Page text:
China told the new Biden administration Thursday that it hoped the two nations could cooperate to meet the challenges facing the world today, an optimism tamped down by analysts.
"We believe anything's possible if we set our mind to it," Chinese spokeswoman Hua Chunying said in Thursday’s briefing in Beijing. “I believe that with the joint efforts of both sides, the better angels in China-U.S. relations can overcome forces for evil.”
She also wished President Joe Biden “every success in state governance,” seemingly setting a tone to ease the strained U.S.-China relations of the Trump administration.
Yet just minutes after Biden was sworn in as the 46th president of the United States, China imposed sanctions on 28 officials who served in President Donald Trump’s administration, including former Secretary of State Mike Pompeo.
Beijing said Pompeo “planned, promoted and executed a series of crazy moves, which have gravely interfered in China's internal affairs, undermined China's interests, offended the Chinese people and seriously disrupted China-U.S. relations.”
In addition to Pompeo, those sanctioned from Trump’s inner circle include: national security adviser Robert O’Brien; U.N. Ambassador Kelly Craft; economic adviser Peter Navarro; his top diplomat for Asia, David Stilwell; Health and Human Services Secretary Alex Azar; Keith Krach, undersecretary for economic growth, energy, and the environment; Matthew Pottinger, senior director for Asia on the National Security Council; along with former national security adviser John Bolton and strategist Stephen Bannon.
Robert Ross, a political science professor at Boston College and a researcher at Harvard University’s John King Fairbank Center for Chinese Studies, told VOA’s Mandarin-language service that China holds specific individuals in the Trump administration personally responsible for the decline in relations.
“Certainly Secretary of State Pompeo was at the forefront of an ideological war, and that personal commitment of Pompeo was something that Chinese identified early and hold him responsible,” Ross said.
Shen Dingli, a professor of international relations at China’s Fudan University, told VOA the move should be seen as a warning shot for the new Biden administration not to behave inappropriately toward China.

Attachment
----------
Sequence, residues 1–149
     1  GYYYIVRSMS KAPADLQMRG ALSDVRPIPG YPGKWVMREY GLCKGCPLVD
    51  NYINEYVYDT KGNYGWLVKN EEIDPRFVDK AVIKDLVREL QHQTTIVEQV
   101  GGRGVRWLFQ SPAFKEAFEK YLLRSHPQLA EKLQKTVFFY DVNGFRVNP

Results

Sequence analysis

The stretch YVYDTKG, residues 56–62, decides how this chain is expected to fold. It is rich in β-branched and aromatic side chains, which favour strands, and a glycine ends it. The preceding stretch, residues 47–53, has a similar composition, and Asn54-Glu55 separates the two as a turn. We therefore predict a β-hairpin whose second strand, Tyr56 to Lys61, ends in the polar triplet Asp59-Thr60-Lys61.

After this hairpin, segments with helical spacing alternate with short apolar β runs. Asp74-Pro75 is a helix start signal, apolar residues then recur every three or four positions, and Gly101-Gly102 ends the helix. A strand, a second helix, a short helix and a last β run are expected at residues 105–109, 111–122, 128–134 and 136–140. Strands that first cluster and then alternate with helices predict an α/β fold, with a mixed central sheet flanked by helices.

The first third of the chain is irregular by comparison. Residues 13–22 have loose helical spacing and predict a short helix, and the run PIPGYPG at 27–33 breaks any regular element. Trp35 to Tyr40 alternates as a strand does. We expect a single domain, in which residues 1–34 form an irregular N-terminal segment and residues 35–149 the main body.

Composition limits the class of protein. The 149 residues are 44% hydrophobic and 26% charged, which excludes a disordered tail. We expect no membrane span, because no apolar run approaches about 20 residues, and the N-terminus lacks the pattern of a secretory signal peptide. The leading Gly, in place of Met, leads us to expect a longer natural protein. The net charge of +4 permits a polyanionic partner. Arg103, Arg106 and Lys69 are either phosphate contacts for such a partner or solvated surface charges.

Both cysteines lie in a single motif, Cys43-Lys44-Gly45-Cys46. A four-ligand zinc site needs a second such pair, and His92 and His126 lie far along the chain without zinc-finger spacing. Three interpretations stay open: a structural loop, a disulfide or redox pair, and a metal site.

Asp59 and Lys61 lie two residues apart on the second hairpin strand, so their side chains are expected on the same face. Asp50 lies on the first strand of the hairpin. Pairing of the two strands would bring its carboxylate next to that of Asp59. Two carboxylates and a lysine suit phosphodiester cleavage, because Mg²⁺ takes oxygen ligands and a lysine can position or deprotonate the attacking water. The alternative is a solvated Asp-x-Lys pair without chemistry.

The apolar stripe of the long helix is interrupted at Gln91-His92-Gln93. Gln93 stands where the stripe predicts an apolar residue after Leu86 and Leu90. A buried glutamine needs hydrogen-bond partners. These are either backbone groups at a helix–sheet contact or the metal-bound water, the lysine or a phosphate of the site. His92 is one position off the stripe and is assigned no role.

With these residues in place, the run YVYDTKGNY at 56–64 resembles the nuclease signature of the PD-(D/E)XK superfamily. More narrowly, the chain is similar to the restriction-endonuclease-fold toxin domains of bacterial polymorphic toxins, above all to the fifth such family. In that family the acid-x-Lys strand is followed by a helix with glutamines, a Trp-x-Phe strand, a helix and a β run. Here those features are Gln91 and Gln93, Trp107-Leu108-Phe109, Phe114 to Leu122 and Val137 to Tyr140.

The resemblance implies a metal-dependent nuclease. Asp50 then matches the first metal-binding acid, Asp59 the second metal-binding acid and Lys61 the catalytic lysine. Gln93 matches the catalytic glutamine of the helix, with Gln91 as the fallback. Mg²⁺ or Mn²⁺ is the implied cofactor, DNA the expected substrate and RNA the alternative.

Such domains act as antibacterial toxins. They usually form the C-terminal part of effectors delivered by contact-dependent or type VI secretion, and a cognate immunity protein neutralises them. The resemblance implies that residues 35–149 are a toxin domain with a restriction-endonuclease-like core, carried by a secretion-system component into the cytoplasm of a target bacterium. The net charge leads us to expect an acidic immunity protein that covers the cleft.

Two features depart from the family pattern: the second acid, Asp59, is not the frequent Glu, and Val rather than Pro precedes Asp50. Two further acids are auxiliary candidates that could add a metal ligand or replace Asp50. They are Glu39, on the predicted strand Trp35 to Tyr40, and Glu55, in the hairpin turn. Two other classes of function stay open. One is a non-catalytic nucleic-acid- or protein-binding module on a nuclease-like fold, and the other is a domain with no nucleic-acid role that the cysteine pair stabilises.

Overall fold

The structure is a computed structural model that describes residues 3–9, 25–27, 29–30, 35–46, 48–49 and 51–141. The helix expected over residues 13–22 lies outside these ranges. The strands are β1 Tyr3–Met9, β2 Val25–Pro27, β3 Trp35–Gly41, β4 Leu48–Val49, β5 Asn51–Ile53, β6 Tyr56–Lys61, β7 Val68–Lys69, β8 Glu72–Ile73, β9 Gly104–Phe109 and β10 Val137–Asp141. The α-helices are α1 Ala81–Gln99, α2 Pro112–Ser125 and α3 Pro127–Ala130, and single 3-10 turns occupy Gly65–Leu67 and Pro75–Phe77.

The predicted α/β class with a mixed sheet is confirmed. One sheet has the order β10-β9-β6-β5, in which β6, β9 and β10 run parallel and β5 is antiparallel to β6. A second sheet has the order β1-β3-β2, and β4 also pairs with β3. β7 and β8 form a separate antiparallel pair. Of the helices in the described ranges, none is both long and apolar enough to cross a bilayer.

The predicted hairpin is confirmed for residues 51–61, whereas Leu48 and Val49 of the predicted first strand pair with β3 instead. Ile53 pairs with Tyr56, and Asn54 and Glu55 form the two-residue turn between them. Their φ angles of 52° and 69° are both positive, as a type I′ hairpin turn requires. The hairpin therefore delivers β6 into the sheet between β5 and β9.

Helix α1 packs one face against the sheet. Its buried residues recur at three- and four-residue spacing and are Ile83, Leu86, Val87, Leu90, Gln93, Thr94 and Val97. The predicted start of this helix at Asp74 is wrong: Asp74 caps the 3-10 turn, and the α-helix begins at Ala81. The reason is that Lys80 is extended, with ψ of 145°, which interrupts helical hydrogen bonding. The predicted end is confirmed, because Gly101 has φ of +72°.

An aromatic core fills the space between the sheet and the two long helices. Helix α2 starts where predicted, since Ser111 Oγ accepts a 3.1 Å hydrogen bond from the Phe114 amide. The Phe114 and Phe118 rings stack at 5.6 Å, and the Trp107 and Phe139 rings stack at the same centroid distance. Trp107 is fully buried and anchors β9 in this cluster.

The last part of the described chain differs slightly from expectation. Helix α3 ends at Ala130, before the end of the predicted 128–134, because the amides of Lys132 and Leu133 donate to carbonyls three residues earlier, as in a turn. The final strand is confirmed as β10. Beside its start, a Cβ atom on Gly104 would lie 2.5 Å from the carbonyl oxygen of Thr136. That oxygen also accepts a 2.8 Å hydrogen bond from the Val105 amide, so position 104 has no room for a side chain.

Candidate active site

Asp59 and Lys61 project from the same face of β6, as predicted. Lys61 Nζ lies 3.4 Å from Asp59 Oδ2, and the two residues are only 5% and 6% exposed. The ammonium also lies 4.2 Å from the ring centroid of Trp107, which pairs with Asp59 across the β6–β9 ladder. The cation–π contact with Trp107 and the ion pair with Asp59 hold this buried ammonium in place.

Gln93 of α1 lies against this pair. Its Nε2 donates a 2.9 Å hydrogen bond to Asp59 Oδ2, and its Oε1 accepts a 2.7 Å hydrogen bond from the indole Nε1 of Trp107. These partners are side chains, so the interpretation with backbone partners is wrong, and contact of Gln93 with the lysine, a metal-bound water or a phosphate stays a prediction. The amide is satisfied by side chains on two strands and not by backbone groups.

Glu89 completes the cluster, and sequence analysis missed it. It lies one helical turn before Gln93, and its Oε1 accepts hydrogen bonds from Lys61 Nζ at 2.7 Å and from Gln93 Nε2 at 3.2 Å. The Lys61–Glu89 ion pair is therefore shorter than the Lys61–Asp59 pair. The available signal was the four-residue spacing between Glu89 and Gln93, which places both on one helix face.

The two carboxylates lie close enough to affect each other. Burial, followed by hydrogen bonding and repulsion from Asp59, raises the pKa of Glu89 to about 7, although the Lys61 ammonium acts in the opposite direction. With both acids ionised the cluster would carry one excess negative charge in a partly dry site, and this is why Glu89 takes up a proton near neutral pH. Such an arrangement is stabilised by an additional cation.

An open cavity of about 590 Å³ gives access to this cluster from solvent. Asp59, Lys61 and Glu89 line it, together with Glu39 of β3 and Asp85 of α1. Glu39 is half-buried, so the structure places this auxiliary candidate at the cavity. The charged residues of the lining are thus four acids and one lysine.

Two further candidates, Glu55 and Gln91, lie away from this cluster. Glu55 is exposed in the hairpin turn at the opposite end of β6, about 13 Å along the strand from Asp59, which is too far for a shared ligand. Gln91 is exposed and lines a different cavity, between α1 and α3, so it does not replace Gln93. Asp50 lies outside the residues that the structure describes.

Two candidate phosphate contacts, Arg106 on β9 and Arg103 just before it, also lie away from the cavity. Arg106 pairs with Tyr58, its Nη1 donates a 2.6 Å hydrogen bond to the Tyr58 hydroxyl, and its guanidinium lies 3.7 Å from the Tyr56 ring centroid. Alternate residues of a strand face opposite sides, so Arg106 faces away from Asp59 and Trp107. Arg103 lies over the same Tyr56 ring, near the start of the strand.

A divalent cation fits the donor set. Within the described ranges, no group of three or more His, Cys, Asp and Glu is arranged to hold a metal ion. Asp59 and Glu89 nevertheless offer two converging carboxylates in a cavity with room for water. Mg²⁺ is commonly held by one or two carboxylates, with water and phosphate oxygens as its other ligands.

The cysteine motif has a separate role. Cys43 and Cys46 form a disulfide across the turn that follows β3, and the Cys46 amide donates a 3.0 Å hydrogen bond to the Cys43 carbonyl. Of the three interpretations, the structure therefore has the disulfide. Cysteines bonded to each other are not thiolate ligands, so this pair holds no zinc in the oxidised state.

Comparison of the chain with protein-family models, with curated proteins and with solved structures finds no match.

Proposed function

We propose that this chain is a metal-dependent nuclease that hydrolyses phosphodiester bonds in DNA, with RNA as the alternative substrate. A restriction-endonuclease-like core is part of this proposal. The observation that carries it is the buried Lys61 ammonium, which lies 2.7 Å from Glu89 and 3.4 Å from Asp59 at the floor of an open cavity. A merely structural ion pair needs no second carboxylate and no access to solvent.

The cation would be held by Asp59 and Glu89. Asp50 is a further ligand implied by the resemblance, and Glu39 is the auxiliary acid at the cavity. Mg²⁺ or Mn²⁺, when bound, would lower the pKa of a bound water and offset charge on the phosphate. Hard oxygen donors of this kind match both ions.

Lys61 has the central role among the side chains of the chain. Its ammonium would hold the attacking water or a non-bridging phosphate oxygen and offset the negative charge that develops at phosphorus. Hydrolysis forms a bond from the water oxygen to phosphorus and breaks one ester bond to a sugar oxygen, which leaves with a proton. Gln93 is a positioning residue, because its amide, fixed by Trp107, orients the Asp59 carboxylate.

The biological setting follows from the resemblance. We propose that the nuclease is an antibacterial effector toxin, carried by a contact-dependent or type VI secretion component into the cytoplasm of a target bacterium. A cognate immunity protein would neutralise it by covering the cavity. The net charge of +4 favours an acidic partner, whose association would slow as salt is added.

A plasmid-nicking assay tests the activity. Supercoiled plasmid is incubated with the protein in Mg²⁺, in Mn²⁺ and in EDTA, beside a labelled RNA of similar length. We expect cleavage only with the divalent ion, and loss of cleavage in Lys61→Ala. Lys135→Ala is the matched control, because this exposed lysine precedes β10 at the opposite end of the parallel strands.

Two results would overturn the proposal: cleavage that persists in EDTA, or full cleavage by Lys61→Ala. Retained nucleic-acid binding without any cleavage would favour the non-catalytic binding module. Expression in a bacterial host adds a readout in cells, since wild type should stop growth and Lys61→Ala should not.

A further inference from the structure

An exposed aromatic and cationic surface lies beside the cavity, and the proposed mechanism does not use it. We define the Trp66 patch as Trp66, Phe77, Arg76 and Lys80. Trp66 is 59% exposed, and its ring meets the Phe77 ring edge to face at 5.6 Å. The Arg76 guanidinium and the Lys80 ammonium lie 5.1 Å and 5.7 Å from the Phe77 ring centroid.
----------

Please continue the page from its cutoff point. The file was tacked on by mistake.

“The message is if they follow the previous government’s actions in Xinjiang, Hong Kong, South China Sea and Taiwan, then we would sanction them as well. And we won’t wait for four years, we will impose sanctions during their terms,” said Shen, who focuses on the China-U.S. security relationship.
Emily Horne, spokeswoman for Biden’s National Security Council, criticized the sanctions as an “unproductive and cynical move” in a statement issued to Reuters. Horne said Biden “looks forward to working with leaders in both [American political] parties to position America to out-compete China.”
Hope for less contentious relations?
Chinese-U.S. relations deteriorated sharply after Trump enacted tariffs against Chinese products sold in the U.S. shortly after he entered the White House, starting a trade war with a nation his administration viewed as the biggest economic threat to the U.S.
Some analysts express cautious optimism that there will be a relative calm between U.S. and China during the initial period of Biden’s term.
David Lampton, professor emeritus and senior scholar at Johns Hopkins University School of Advanced International Studies, said he expects Biden to pursue a comparatively moderate and stable formulation on the U.S.-China relationship.
“The new president has so many severe policy problems confronting him that he is not looking to generate more challenges,” Lampton said. “Issues such as climate change, global economic management, nonproliferation, and world health all require cooperation with Beijing even as Washington competes with China in other domains, some vigorously."
Others argue that Chinese President Xi Jinping’s ambition has necessitated a U.S. response and it is unlikely that Washington will soften the current tough-on-China policies.
“A lot depends not on Joe Biden, as much as it did not depend on Donald Trump. This is much more about Xi Jinping,” said Danielle Pletka, a senior fellow in foreign and defense policy studies at the American Enterprise Institute.
“Xi Jinping is creating a situation that the United States must respond to, and it is going to require whoever is president of the United States to act. So I see very little likelihood of stepping back,” Pletka said Tuesday, speaking at a forum that focused on Biden’s domestic and foreign policy.
Lampton said he foresees Biden combatting the spread of the coronavirus in the U.S, reinvigorating the American economy and restoring stable governance before he undertakes refining his administration’s China policy.
“My principal worry is that some miscalculation in Beijing or some incendiary incident elsewhere will escalate and produce conflict between Washington and Beijing before Biden's domestic initiatives can be fully effective,” he said.
Forest Cong, Joyce Huang contributed to this report